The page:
Italian culture and history: Milan's Quadrilatero della Moda
- WTI Magazine #132 Oct 24, 2020
Milan is known first and foremost as Italy's - and an international - fashion capital. The city hosts innumerable boutiques - selling jewelry, decor, and of course, the most sought-out fashion labels - in its Quadrilatero d'oro della moda or Fashion Quadrilateral.
The district is brodered by four main thoroughfares - Via Monte Napoleone, Via Alessandro Manzoni, Via della Spiga and Corso Venezia - hence the Quadrilatero reference.
The shops and showrooms in these streets make a purchase or a mere glance at the window dressings motive the fashion set to arrive in droves from all over the world.
Tourists traipsing through the Quadrilatero quarter can experience the true atmosphere of the Lombard Capital, noting the lights, colors and elegance of the various ateliers. One will also note the endless succession of those classic, international names that are by now part of a club to which no other fashion houses can accede: think Armani, Versace, Alberta Ferretti, Dolce & Gabbana, Prada, Fendi, Louis Vuitton, Chanel, Bottega Veneta, Gucci, Bulgari, Cartier, Valentino and Gianfranco Ferrè.
The heart of the neighborhood lies in Via Monte Napoleone, among the the class of most chic and expensive streets in the world - along with New York's Fifth Avenue and Paris's Champs-Elysées.
The name dates back to 1804, during the time of Napoleon's rule here. While Milan was teeming with foreigners in those days, it was not until the 1950s that Via Montenapoleone gained its international shopping stature.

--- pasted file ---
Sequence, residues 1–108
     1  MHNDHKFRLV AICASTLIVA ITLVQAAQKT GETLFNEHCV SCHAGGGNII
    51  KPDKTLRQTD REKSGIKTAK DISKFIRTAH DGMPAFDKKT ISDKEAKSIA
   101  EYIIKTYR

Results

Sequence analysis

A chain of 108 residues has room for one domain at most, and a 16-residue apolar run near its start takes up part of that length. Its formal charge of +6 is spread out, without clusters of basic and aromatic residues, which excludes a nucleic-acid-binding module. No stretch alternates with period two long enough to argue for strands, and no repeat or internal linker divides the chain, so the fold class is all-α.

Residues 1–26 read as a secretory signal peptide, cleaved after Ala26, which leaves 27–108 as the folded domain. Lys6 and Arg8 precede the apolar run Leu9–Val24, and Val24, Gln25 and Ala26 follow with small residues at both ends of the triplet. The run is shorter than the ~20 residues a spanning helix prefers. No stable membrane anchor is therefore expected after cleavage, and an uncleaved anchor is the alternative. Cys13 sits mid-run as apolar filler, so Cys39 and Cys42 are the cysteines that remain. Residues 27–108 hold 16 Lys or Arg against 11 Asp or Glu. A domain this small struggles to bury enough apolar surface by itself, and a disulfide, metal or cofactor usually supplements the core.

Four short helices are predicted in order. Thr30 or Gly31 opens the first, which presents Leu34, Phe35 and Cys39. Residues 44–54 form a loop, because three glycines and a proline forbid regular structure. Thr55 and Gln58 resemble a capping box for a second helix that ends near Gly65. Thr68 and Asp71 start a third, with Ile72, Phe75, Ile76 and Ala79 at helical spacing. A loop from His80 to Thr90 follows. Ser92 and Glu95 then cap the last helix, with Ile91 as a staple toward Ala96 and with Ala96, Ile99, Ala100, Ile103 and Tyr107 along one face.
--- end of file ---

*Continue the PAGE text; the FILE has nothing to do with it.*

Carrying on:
Via Manzoni, rather, dedicated to Alessandro Manzoni (after his death, in 1874), was already considered the most elegant street in Mediolanum at the beginning of the 19th Century.
The entirety of the Quadrilatero della Moda consists of refined streets, particularly Via Borgospesso, Via Santo Spirito, Via Gesù, Via Sant'Andrea and Via Bagutta. Not only, but the zone is very alive in cultural terms, with numerous historic palazzi interspersed with the shops and stores. For instance, the Poldi Pezzoli and Bagatti Valsecchi House-Museums are here, as well as Palazzo Morando, which hosts the city's new fashion museum, and the Grand Hotel et de Milan, where the maestro Verdi is said to have lodged. Not to be left out are the Church of San Francesco di Paola, the 1700s Palazzo Gallarati Scotti, and Palazzo Borromeo d’Adda.
Additionally, newbies will discover in cafes, de rigeur bookstores, cinemas and even a department store or two. The options are endless and even fashionistas serious about their shopping will find that they can find plenty of posh and sophisticated moments of fun.
It is Interesting to Know That...
Just a stone's throw from the Quadrilatero is Corso Vittorio Emanuele, a broad pedestrian road that connects Piazza Duomo to Piazza San Babila. With its elaborate porticoes and clothing and accessories boutiques, Corso Vittorio and the Vittorio Emanuele Gallery are other hubs for cult fashion finds.